The Six Precepts of Tilopa

No thought, no reflection, no analysis,

No cultivation, no intention;

Let it settle itself. Continue reading


expand and illuminate the original truth


Related image


The Bright, Boundless Field

The field of boundless emptiness is what exists from the very beginning. You must purify, cure, grind down, or brush away all the tendencies you have fabricated into apparent habits. Then you can reside in the clear circle of brightness. Utter emptiness has no image, upright independence does not rely on anything. Just expand and illuminate the original truth unconcerned by external conditions. Accordingly we are told to realize that not a single thing exists. In this field birth and death do not appear. The deep source, transparent down to the bottom, can radiantly shine and can respond unencumbered to each speck of dust without becoming its partner.

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the universe in me


zen The life that runs through everything


My Comment:

We focus on the name and form (nama rupa) of what we perceive as being outside of us. The act of seeing the name and form instead of the one substance (the Absolute) obstructs the Absolute and projects instead the selfhood character onto a phantom of our own making. It has no Reality. Withdraw from the name and the form and be with the Absolute that is the inner Reality of all we see as the universe.




never seeking buddhahood

Footsteps_pistol river

Pistol River – Photo Tomas


“…he never has a single thought

of seeking buddhahood.”

My Comment:

If he allows his mind to stray from ‘what is’ right here, right now, he slips back into the dusty world. Once he is in the stream of being ordinary, of simply not striving and of conforming with circumstances from that place of equanimity, he is like a gyroscope: keeping alignment with Big Mind. Any thought of attaining anything or achieving anything causes that gyroscope to wobble. He avoids that.

“After all, you have a father and a mother—

what more do you seek?”

If you have a father and a mother you are in this life and therefore you have all you need to realize who and what you are right now.



“Conforming with circumstances as they are he exhausts his past karma; accepting things as they are he puts on his clothes; when he wants to walk he walks, when he wants to sit he sits; he never has a single thought of seeking buddhahood. Why is this so? Continue reading

the mountain walks



Take a step and set your foot down like you are pressing a stamp into the soft wax to make a seal. When that foot is firmly on the ground and your weight is on it, lift the other foot and carry it forward. Then press feel how you set that foot onto the ground like you are pressing a stamp into the soft wax to make a seal. When you lift the foot you breathe in and when you set it down you breathe out. You can also set one foot with the in-breath and then carry the other foot forward and set it with the out-breath. Always keep the back foot on the ground until the front foot takes the weight fully.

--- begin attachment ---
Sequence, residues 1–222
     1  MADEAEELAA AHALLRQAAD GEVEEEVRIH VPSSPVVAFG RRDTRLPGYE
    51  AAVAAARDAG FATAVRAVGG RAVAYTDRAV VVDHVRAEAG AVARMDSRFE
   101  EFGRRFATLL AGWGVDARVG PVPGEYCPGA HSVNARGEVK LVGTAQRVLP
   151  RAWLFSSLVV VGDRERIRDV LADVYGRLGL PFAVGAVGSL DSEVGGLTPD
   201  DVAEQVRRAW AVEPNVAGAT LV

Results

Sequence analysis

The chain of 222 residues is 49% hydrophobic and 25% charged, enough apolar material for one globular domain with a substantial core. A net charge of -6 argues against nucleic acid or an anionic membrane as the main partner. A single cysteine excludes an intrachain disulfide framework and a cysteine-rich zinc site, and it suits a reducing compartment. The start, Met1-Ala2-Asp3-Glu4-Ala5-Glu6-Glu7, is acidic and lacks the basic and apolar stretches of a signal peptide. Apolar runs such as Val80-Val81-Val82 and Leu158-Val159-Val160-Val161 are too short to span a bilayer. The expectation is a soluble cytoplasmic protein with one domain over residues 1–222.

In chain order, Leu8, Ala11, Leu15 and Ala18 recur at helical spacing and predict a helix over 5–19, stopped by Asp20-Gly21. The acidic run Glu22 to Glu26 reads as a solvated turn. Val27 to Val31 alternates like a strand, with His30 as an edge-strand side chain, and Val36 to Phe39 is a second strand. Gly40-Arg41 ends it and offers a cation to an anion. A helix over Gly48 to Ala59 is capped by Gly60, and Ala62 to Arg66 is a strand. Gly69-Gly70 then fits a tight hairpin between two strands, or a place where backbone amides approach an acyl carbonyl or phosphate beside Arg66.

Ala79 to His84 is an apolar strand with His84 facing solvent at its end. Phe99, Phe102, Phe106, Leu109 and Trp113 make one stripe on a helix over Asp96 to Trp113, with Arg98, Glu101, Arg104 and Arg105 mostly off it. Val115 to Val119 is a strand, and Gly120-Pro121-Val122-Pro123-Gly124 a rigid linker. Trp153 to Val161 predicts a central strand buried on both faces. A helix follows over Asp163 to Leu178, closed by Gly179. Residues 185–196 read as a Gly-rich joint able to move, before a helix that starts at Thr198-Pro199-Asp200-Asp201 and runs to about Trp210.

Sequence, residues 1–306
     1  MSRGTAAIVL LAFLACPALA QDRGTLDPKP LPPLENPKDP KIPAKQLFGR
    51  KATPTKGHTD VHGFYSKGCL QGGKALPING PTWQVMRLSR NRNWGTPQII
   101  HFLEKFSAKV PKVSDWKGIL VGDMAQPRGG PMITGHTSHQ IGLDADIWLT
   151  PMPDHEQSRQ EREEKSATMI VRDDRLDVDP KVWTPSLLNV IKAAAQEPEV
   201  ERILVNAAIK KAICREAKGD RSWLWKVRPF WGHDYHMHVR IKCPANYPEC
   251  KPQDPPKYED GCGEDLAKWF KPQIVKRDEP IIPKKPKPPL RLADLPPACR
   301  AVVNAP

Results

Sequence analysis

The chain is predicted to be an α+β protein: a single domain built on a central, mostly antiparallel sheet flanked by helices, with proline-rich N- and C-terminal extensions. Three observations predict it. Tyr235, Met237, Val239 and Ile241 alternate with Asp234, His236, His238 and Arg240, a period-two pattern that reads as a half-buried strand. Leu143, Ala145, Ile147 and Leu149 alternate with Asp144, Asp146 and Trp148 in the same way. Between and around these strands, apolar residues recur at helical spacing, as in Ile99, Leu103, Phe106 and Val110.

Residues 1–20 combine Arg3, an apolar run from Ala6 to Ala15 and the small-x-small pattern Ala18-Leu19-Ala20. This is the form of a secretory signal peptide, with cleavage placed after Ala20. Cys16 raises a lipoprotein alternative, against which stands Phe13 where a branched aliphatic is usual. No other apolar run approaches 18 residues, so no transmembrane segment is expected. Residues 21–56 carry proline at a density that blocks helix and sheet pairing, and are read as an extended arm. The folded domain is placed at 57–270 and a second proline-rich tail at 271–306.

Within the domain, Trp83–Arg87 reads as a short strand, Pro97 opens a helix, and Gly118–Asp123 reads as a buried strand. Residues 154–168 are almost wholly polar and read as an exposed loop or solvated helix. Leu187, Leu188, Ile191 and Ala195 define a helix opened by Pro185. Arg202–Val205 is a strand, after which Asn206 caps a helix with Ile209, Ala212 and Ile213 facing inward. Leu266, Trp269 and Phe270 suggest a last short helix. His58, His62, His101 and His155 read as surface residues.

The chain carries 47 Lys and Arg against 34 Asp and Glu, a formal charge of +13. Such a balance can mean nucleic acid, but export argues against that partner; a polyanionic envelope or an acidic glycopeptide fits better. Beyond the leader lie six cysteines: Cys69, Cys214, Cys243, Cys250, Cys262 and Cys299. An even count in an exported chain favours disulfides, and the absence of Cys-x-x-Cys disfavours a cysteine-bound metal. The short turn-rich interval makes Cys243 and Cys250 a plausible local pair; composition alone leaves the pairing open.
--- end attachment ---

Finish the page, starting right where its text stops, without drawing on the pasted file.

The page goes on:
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the highest form of passion



My Comment:

Sitting is a term that has a deep meaning in Zen. Krishnamurti calls it ‘complete negation which is the highest form of passion’. Sitting in this sense calls for all of our energy on all levels.When there is any loss of energy through identification with our fears, desires, ambitions, visions, regrets, opinions, etc. etc. then we do not have the energy required for this highest form of passion.  Continue reading

no time for time


Sitting is a certain body posture. More than that however, in zen sitting is a universal metaphor that transmits the deep sense letting all things, including oneself, rest. Letting rest means to exercise fine restraint in one’s whole being, releasing the habitual impulse to do anything and to carry anything over to the next moment. 

Whatever action presents itself in the course of how things go, is accepted. One doesn’t resist that natural action that is embedded in the whole. One carefully discerns the shining source in each minute event, and does not overstep this mindfulness at any time. Continue reading

non-thinking – the koan

Shikan Taza



Below is Koan 129 from Dogen’s collection of 300 Koans that goes into “non-thinking” in relation to thinking/not-thinking. First you find “The Main Case” which has, at the end of each line a footnote number. After “The Commentary” and “The Capping Verse” there are “The Footnotes” by John Daido Loori, to which the numbers refer.  Below the footnotes I have included John Daido Loori’s Contemporary Commentary on Dogen’s text. Enjoy! Continue reading

authentic task


If you can read these words without you mind…

The Ancient Ferryboat in Bright Moonlight

A patch-robed monk’s authentic task is to practice the essence, in each minute event carefully discerning the shining source, radiant without discrimination, one color unstained. You must keep turning inwards, then [the source] is apprehended. This is called being able to continue the family business.

Do not wear the changing fashions, transcend the duality of light and shadow. Accordingly the ancestors’ single trail is marvelously embodied. The residual debris of the world departs, its influence ended. This worldly knowledge does not compare to returning to the primary and obtaining confirmation.

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from sky to sky


When the men of the world look for this path amid the clouds

it vanishes, with not a trace where it lay.

The high peaks have many precipices;

on the widest gulleys hardly a gleam falls.

Green walls close behind and before;

white clouds gather east and west.

Do you want to know where the cloud-path lies?

The cloud-path leads from sky to sky.

Han Shan

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